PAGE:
There really is no "limit" to how many calories that a person can absorb in a day. Using them, however, is where other factors come into play, that are very much dependent on the person. For example, during his heaviest training days, Michael Phelps is reported to be consuming between 10-12,000 calories a day. However, if you don't exercise to meet that level of intake, it's going to get stored as fat.
There are going to be a couple of factors that determine how long/far you can go on a hike. The first is fitness. If you only ever train up to 3 or 4 hours for hiking, then you probably won't be able to hike much beyond that before your muscles are just too fatigued to continue. Someone that trains for a 1/2 marathon, for example, probably wouldn't be able to just up and run a 100 mile ultra. If you are unable to keep hiking/climbing at a certain point, compare that to your training and see if it is nutrition or fitness.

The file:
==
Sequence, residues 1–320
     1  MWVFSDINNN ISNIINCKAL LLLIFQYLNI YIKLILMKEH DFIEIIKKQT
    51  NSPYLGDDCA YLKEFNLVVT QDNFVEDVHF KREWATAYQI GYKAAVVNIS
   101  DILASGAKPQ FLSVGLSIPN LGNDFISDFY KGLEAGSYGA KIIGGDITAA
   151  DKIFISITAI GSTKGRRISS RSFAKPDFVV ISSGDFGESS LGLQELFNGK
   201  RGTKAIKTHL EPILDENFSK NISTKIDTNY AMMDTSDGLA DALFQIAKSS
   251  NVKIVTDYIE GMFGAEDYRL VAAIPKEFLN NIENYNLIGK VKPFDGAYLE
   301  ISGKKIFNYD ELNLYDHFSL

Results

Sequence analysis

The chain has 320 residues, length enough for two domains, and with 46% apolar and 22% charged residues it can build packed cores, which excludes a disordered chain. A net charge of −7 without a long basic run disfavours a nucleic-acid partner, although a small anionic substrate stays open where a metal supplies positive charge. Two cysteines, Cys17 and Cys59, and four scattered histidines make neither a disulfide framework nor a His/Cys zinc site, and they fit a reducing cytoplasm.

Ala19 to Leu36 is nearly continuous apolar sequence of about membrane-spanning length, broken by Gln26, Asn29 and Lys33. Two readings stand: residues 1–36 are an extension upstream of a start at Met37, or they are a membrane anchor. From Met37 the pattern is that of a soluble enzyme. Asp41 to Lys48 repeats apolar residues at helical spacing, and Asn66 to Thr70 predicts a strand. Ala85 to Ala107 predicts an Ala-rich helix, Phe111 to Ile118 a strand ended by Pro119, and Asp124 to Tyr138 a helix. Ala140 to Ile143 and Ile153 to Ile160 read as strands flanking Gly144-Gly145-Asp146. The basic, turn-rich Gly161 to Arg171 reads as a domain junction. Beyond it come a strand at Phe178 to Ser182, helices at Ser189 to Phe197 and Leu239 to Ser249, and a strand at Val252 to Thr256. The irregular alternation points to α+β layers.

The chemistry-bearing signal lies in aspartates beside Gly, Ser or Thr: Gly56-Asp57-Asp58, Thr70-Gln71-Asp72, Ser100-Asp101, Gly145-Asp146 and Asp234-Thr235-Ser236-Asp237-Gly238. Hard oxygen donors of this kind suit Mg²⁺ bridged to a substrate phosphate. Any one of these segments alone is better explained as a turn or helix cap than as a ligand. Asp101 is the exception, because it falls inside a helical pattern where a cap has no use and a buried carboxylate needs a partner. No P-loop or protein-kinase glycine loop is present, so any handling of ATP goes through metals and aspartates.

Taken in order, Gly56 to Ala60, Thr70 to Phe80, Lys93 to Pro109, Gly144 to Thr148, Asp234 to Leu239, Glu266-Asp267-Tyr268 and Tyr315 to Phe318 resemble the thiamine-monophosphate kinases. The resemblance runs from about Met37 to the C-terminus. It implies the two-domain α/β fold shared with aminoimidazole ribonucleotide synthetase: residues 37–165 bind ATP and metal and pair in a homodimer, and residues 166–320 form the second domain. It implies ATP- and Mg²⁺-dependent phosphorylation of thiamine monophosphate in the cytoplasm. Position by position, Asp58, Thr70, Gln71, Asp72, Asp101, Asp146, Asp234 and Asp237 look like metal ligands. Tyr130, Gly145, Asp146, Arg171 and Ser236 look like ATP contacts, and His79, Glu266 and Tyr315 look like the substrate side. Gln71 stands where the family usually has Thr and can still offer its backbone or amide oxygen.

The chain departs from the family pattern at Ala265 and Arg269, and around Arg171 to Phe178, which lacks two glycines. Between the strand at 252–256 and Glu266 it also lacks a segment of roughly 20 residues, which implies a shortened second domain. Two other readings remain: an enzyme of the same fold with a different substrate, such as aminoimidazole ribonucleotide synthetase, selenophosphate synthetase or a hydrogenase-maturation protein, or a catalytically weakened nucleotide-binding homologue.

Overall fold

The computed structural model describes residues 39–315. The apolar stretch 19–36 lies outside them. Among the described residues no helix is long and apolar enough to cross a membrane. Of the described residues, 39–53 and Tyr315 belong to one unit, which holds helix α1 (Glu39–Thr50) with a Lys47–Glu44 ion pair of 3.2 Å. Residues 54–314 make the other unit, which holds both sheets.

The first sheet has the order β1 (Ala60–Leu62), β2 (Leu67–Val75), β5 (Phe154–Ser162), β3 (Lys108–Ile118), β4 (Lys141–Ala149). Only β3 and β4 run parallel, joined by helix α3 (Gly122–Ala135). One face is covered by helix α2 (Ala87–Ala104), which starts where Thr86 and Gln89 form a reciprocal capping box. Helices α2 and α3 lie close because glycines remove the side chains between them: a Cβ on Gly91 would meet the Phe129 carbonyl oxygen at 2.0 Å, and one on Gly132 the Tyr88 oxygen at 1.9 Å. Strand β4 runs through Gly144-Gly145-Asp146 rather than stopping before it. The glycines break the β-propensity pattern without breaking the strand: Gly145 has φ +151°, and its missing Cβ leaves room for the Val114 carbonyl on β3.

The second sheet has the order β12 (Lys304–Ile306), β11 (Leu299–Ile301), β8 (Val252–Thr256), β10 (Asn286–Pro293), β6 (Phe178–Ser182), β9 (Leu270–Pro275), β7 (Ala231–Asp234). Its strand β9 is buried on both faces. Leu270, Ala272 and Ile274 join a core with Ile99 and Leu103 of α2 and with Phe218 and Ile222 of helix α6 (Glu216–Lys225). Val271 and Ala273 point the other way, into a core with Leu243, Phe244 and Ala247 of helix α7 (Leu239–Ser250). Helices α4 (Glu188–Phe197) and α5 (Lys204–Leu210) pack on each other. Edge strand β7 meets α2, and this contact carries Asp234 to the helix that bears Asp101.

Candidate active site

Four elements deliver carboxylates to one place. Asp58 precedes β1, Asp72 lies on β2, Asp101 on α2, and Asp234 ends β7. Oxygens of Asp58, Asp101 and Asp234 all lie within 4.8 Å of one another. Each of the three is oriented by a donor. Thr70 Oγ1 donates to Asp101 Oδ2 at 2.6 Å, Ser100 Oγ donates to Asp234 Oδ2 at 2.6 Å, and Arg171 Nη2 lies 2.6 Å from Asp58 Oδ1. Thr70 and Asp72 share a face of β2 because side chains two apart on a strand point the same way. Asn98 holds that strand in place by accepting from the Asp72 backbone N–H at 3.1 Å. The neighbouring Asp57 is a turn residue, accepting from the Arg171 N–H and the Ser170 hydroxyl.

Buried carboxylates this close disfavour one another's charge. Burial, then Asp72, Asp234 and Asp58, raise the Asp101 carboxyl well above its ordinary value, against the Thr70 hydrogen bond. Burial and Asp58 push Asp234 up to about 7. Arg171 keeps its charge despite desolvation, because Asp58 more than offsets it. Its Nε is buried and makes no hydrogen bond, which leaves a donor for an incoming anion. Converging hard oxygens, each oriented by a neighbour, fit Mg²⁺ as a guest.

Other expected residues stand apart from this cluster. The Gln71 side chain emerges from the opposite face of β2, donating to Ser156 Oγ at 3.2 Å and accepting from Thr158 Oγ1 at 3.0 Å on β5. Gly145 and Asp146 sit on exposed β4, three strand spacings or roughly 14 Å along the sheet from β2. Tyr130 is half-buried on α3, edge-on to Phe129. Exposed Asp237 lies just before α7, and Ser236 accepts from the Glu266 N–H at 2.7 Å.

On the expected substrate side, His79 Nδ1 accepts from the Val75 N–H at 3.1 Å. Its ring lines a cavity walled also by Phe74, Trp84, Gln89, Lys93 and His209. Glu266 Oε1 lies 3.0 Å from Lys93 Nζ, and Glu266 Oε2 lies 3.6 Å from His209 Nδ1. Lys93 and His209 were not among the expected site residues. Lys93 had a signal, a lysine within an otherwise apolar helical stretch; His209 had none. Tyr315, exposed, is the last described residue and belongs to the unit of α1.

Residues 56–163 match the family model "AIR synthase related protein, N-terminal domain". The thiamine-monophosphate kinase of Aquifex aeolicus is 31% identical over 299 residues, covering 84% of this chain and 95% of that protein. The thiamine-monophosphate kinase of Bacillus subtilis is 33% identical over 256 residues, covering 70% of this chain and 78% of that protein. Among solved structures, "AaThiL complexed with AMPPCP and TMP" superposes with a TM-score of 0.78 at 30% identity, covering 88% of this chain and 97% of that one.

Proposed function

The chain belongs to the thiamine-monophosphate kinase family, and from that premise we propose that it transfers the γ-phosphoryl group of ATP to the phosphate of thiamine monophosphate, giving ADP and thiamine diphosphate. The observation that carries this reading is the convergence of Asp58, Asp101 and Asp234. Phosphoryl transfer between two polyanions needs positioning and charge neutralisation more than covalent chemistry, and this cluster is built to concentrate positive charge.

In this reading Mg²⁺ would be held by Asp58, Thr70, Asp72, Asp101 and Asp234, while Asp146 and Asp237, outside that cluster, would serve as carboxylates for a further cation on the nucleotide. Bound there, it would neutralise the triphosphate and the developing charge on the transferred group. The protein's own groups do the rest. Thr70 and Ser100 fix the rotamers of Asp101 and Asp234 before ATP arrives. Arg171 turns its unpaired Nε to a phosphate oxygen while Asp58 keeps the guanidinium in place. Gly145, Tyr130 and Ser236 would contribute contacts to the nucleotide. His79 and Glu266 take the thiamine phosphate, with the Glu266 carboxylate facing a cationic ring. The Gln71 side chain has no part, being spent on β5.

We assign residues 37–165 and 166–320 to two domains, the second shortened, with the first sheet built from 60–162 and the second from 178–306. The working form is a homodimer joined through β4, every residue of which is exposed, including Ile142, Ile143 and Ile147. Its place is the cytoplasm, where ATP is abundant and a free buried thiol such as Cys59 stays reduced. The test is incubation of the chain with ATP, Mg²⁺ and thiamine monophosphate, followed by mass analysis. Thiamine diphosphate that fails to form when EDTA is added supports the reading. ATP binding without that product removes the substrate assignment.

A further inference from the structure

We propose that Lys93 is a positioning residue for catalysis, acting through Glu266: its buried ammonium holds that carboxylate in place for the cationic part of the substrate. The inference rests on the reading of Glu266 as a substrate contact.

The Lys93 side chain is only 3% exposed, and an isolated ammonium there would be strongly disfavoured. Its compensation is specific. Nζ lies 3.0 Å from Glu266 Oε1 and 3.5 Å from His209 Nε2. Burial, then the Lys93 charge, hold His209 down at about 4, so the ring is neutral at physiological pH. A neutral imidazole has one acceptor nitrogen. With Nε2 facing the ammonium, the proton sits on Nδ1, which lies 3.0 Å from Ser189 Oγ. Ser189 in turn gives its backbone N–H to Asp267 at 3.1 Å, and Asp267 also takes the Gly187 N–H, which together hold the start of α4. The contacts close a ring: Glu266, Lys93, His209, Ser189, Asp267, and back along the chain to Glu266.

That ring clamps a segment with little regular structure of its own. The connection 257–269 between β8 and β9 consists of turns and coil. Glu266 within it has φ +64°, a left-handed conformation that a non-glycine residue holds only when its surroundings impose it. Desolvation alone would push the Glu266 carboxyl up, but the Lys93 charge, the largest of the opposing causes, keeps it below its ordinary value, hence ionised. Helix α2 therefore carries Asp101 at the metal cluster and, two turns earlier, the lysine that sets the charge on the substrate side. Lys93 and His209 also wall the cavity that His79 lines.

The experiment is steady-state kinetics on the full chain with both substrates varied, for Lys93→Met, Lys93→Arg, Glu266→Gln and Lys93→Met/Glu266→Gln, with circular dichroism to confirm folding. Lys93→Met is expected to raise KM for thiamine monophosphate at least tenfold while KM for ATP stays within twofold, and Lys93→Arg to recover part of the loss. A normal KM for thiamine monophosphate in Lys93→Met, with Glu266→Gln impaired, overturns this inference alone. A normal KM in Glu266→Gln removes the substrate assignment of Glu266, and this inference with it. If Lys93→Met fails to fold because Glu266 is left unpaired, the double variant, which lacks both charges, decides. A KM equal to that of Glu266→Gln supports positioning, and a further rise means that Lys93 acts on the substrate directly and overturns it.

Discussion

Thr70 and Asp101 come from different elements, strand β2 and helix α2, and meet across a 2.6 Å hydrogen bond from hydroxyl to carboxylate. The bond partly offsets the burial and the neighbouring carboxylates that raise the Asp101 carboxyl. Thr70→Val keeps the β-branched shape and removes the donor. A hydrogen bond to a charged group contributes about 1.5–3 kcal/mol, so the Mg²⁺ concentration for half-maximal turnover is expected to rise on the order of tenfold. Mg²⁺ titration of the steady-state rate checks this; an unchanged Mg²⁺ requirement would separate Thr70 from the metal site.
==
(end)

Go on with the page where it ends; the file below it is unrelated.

As far as the eating/absorption, most people can absorb between 250-400 calories per hour while exercising. Dumping 1800 calories into your system twice a day may not be optimal for you. This is something that you work out in your training, how much you can eat "on the go", and how your body reacts to the large influx of food/calories.
There are numerous calorie calculator and activity cost calculators around on the web, I would take a sample from several to get a "general" guideline for your activity cost, and if you have a 5 hour day planned, calculate your climbing costs for those 5 hours, aim for an hourly intake of a certain percentage of that, and get the rest from your meals.